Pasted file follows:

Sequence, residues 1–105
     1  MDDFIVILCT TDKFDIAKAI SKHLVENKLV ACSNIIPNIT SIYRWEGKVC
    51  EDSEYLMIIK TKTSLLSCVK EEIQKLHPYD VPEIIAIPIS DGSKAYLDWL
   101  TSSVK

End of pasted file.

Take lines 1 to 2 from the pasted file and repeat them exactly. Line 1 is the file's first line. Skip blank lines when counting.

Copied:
Sequence, residues 1–105
     1  MDDFIVILCT TDKFDIAKAI SKHLVENKLV ACSNIIPNIT SIYRWEGKVC